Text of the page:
Big country: The art of the Irish landscape

A new show at the National Gallery of Ireland explores our relationship with the land

Landscape emerged gradually as a subject in western art, beginning as the backdrop to the foreground activities of deities, mythological protagonists, royalty and aristocracy, peasants and pilgrims. Once landscape had emerged as a source of interest in itself there was no stopping it.

It is fair to say, though, that its backdrop status persisted in the sense that, even in epic visualisations of the sublime, say, natural majesty evokes divine power in contrast to human insignificance. God is pulling the strings.

In 1975, bringing things down to earth somewhat, the geographer Jay Appleton proposed that our aesthetics of landscape hinge on a prospect-refuge duality: our evolutionary history meant that we were likely to judge an environment, and representations of an environment, in terms of the scope and, on the other hand, the protection it might offer.

Outstanding works by Evie Hone, Mainie Jellett and Norah McGuinness all seem to talk directly to Mairead O'hEocha's recent view of the railings on St Stephen's Green

From a Marxist perspective, John Berger famously analysed Gainsborough’s portrait of a land-owning couple on their estate as an assertive declaration of class, privilege and ownership, a neat bundle of prospect and refuge. In Shaping Ireland, Robert Hunter’s portrait of landowner Peter Le Touche from 1775 facilitates a comparable interpretation.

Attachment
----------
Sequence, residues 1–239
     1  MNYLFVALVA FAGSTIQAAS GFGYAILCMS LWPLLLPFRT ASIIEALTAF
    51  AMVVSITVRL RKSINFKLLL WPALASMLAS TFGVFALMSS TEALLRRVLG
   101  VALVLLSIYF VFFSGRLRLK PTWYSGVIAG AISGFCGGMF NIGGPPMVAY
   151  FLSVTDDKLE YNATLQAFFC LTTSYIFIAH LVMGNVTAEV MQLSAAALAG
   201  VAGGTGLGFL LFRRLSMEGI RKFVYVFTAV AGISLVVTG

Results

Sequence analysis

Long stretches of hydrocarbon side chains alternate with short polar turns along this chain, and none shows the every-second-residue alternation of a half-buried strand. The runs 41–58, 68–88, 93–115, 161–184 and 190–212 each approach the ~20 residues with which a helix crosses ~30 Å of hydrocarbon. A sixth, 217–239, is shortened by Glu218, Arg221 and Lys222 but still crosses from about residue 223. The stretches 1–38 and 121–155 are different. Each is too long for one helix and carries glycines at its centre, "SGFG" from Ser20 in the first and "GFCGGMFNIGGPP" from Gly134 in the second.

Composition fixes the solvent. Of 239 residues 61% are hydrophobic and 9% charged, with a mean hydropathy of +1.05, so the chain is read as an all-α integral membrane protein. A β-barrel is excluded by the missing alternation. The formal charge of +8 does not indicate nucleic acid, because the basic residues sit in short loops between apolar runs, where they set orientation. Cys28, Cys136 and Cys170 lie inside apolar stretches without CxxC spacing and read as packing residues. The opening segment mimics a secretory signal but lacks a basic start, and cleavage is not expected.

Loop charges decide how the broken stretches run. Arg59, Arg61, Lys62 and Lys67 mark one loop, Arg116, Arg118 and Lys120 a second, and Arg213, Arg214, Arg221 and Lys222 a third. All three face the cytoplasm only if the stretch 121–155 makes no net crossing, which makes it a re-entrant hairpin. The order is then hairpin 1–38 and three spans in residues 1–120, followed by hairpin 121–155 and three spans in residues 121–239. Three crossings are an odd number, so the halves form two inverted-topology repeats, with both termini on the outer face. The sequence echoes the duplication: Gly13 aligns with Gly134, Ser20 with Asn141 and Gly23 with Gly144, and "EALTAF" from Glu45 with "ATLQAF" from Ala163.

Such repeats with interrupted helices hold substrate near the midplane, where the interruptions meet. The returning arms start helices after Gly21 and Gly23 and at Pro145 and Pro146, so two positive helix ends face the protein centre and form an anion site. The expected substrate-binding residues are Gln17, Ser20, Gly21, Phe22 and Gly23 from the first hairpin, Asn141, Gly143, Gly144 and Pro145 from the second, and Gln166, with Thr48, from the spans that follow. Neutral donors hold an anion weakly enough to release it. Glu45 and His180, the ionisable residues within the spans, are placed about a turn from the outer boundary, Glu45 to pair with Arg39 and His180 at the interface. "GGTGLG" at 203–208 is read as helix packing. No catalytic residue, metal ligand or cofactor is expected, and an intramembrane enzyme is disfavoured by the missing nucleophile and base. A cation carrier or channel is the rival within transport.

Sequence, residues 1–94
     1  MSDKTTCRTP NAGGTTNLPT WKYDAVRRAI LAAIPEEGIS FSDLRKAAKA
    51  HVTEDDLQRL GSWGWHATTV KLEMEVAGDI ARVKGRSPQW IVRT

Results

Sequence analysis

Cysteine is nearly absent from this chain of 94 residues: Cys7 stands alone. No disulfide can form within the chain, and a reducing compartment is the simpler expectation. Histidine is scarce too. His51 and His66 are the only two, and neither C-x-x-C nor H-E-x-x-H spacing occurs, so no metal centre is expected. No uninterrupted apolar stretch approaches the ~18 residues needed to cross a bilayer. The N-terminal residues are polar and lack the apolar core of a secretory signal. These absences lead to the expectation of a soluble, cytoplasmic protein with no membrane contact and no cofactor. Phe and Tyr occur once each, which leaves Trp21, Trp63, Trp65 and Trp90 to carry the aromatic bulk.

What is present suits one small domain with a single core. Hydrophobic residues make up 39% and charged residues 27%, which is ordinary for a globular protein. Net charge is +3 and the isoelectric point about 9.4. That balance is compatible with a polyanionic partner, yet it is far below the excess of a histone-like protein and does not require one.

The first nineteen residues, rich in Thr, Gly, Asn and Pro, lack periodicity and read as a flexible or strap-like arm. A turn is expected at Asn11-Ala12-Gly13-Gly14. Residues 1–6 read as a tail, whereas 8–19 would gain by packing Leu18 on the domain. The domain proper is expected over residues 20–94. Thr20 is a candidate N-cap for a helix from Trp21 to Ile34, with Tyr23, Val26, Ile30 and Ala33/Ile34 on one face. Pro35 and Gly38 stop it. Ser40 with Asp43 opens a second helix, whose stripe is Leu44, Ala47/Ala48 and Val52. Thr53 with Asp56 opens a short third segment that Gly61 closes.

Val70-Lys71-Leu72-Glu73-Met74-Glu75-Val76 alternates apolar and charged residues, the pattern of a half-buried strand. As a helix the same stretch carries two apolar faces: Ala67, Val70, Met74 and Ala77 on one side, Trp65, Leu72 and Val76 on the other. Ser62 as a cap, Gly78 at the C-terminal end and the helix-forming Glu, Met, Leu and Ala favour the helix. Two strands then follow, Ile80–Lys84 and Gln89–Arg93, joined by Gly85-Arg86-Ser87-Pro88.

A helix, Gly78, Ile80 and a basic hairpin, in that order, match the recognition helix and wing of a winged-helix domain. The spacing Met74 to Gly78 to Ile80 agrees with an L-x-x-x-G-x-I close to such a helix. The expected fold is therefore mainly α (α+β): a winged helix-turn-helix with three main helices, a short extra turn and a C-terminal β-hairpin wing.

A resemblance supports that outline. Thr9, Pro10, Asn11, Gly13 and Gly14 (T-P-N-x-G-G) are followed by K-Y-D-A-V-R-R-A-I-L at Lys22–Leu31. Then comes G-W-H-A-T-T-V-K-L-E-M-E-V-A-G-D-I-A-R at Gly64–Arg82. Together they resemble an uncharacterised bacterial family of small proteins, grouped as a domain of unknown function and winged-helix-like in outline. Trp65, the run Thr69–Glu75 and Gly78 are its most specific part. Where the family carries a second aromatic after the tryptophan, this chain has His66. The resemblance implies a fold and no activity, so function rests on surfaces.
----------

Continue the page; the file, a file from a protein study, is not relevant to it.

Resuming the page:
In a similar vein, more recently, Gerard Byrne juxtaposed photographs of the Guinness Brewery in Dublin with a Guinness estate in Co Wicklow, underlining the unstated connection. That, or one of his Beckett Waiting for Godot photographs, seems like the ideal Byrne to include, though the photograph that is included, of the Phoenix Park deer herd, descendants of the herd introduced by the duke of Ormond in the 17th century, has a similar import.

Given the scale of the subject, Shaping Ireland: Landscapes in Irish Art risks sounding like a more comprehensive exhibition than it is. A more accurate description might be Irish landscape, as shaped by human activity and intervention, in art.

Two structural patterns of organisation emerge in a show that includes 72 works by artists spanning a period of 250 years: one is to juxtapose landscape works from the NGI’s historical collection with contemporary approaches to landscape.

“The collection was the starting point,” as its curator, Donal Maguire, puts it. This works out in a very direct and straightforward way and, refreshingly, it’s not a case of contemporary artists patronising their blinkered precursors.

Maguire notes: “It was gratifying to discover so many connections between artists who lived hundreds of years apart” or, indeed mere decades. Numerous fruitful and illuminating dialogues and correspondences are evident. Outstanding works by Evie Hone, Mainie Jellett and Norah McGuinness, for example, all seem to talk directly to Mairead O’hEocha’s recent view of the railings on St Stephen’s Green.